“I- Mary, I have something to say”, he said with measured breath. His Adams’ apple bobbed in his throat as he delivered his news – “I’m going to war, Mary”.

She was consumed by an initial numbness, but this quickly gave way to a torrent of emotion; panic, fury and confusion each punched her with the force of an iron fist. She collected her pain in her throat and leveled it at him, screeching, shrieking, whispering hoarsely and, when speech evaded her, pummeling his chest with her mailed fists before untangling herself from his grip. He chased her into the night, but it swallowed her up. She couldn’t bear to gaze into the innocent eyes which would soon be indelibly tainted, coated in blood and murder and incomprehensible horror.

That familiar tightness clenched Mary now, squeezing her lungs with the force of the whipping wind, hot on her cheeks. That night had been their last exchange – he had made the journey to the airport alone the following morning, and wrote only to his mother. She had visited her a day or two after the funeral – a woman of exhausting strength, her face of Greek origin bore the creases and stoic humour of someone accustomed to tragedy. The elder woman comforted the younger, and handed her a wadded folder of scraps and discoloured paper. “He wanted you to have this – do what you want with it” she said as she left. Alone, Mary undid the pretty bow which bound the papers in place, and began to study the poems, the sketches – some of her lounging in the cornfields, or mid-swing on the cracked rubber tyre – and newspaper cuttings, charting the war and its statistics to which he now irrevocably.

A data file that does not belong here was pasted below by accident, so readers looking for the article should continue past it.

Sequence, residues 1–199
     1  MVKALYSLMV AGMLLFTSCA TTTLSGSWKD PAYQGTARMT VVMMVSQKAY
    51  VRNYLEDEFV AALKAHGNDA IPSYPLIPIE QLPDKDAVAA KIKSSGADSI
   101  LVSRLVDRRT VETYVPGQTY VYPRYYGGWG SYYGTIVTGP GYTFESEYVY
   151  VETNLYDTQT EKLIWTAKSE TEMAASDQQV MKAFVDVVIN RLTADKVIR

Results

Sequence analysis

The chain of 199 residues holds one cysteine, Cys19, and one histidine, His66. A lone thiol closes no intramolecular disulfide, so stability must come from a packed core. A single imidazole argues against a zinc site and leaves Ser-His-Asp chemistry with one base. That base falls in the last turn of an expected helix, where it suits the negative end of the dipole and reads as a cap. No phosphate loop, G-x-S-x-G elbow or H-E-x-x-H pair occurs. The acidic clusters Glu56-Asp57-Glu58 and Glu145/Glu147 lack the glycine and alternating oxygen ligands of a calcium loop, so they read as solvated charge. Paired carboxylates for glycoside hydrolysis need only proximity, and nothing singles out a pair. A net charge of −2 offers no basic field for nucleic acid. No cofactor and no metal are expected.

The chirping of a bluejay about her head returned her to the present. From her pocket she retrieved the document which had been hidden amongst the others in the folder. It was a note, penned in his unmistakable scrawl, and simply read,


if I could find the means to pluck the moon and the stars from heaven for you, I would. If I could gather the earth into a bundle, wrap it up and leave it upon your doorstep, I would. I promise so much, and yet I deliver so little. Please forgive me; I cannot forgive myself. Remember me as you colour the world - I will be with you every step of the journey. Your love forever,


Tucked carefully within the crinkled rice paper was single one-way boat fare to Liverpool. He wasn’t here, he was within her, the imprint of his soul etched upon hers. She shook out the poppies and placed the bouquet among the dense wreaths which littered the damp soil. She cupped her hands and caught the tears which collected at the point of her chin, and tossed her hair which swirled in clumps, obscuring her vision. The taxi tooted its horn – she could spare no more time. The tears continued to flow, rolling down her cheeks and becoming indistinguishable from the rain. She ran back to the car without looking back. Vaulting into the back seat, the taxi driver raised his eyebrows at her momentarily; on catching her eye, however his expression softened. He turned up the radio, and the tinny sound of The Beatles encouraged her tears, only this time, they were accompanied by laughter. Shakily, she sang along as the port came into view,

“all you need is love, all you need is love, all you need is love, love, love is all you need…”.

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SilentNinja This work has been published in the Teen Ink monthly print magazine. said...
Mar. 22, 2013 at 3:59 pm
I love this!